The conventional wisdom goes something like this: Sales of Apple's iPad are so strong that they're cutting into PC sales. It makes sense, right? I mean, you see iPads all over the place. Those sales must be coming from somewhere. There's just one problem: There is zero evidence that the iPad has impacted overall PC sales at all. Meanwhile, there is ample evidence to suggest that the slowdown has other causes.

Cue up HP and Dell, which this week revealed that sales of PCs to consumers have tanked so far this year, a situation that is now stretching from Q1 into the current quarter. "Ah ha!" the Mac noobisphere cries. "More proof of the iPad effect!"

Nope. And for whatever it's worth, iPad sales are underperforming too. In fact, iPad sales are so far below expectations this year that analysts have been forced to dramatically reduce their calendar year unit sales expectations. Even Apple's internal iPad sales goals are now "out of reach," FBR analyst Craig Berger said.

So what's really happening?

HP—the world's biggest PC maker—reported this week that consumer PC sales were off a whopping 23 percent in the last quarter. Dell reported a drop of 7 percent in sales of PCs to consumers ... But since these sales just represent 20 percent of its product offerings, Dell says it's in fine shape, thank you very much. Acer? Its sales were flat year over year, but because its PC portfolio is made up largely of low-end netbooks that would most directly be impacted by the iPad, analysts are watching this company very closely.

As for the iPad, Apple claims that it is selling every device it can make, and that the demand is "staggering." But it also sold only 4.69 million iPads in Q1 2011, far below expectations. And now this year's iPad sales are being downgraded, not so much because Apple won't sell what it makes, but because it may never get ahead of demand and its competition is coming on strong.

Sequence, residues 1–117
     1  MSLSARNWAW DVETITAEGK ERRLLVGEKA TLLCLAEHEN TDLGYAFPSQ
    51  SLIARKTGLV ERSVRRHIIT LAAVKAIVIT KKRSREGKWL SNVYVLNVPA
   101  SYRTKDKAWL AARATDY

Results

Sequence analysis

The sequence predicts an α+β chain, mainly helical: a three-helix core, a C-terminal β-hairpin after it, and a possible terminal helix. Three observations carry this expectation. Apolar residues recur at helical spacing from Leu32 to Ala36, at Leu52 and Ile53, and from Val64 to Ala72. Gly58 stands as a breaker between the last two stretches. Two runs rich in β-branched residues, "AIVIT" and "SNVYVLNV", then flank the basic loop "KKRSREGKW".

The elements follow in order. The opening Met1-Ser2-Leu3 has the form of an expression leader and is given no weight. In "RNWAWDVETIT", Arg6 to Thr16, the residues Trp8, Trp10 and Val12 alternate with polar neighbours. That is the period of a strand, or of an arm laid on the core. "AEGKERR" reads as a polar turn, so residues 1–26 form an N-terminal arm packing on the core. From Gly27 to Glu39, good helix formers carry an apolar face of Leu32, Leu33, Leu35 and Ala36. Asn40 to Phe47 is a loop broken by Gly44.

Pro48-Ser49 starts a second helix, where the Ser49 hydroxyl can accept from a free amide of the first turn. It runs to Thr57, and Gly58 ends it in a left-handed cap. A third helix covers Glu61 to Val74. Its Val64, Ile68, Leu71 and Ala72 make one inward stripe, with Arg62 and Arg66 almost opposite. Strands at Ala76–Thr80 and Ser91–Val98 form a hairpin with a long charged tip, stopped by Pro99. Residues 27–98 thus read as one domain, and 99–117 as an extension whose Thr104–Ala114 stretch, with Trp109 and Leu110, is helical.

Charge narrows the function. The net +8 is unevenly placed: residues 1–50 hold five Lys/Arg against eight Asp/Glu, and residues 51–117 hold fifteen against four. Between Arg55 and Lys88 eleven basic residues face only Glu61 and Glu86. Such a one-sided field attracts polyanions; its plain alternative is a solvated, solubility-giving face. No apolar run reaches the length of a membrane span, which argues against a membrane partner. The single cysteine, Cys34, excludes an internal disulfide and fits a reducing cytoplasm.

Apple had expected to sell 40-45 million iPads this year, and some analysts had pegged the number as much higher. That's no longer the case: The 40-45 million figure is "out of reach" and Apple will lucky to ship just over 5 million units in the current quarter, a figure that would put total iPad sales at midyear at roughly 10-12 million units.

But the iPad isn't really the issue: Whatever the number, the product is a hit, and Apple has established a new product category. What we're more interested in is whether iPad sales—or overall tablet sales as other competition enters the market—is eating into PC sales.

Forrester reported this week that "tablet cannibalization" of the PC market—that is, sales of iPads to replace PCs—is only "a minor contributor" to slowing consumer PC sales. (And while it didn't specify this, I'd further argue that it only impacts netbook sales; no one is choosing between mid-level or high-end PCs and an iPad.) The problem is exactly what I reported back in late April, that Microsoft's lengthy Windows release cycle is really to blame. PC sales appear to be low now simply because they were artificially high a year ago, thanks to the recent release of Windows 7 at the time. This year-over-year change has had a far bigger effect on PC sales than the iPad.

"So many consumers bought new PCs when Windows 7 came out, and without a new version of Windows this year, there isn't the same catalyst to buy," Forrester's Sarah Rotman Epss wrote. "[And] tablet [i.e. iPad] owners are actually more likely than US online consumers in general to have recently bought a PC."

Forrester isn't the only analyst firm tossing sand on the "iPad is killing PC sales" myth: NPD also released a separate report a week ago noting that the iPad is not a "sales thief," and that the PC sales dropoff has other causes. Yep, you guessed it, the release of Windows 7 artificially bumped PC sales a year ago. But NPD took things a step further and said that even netbook sales were unaffected by the iPad. In fact, according to that company's data, sales of PCs costing $500 or less surged 25 percent between October 2010 and March 2011. And iPad owners are still buying PCs too, NPD said.

So much for conventional wisdom.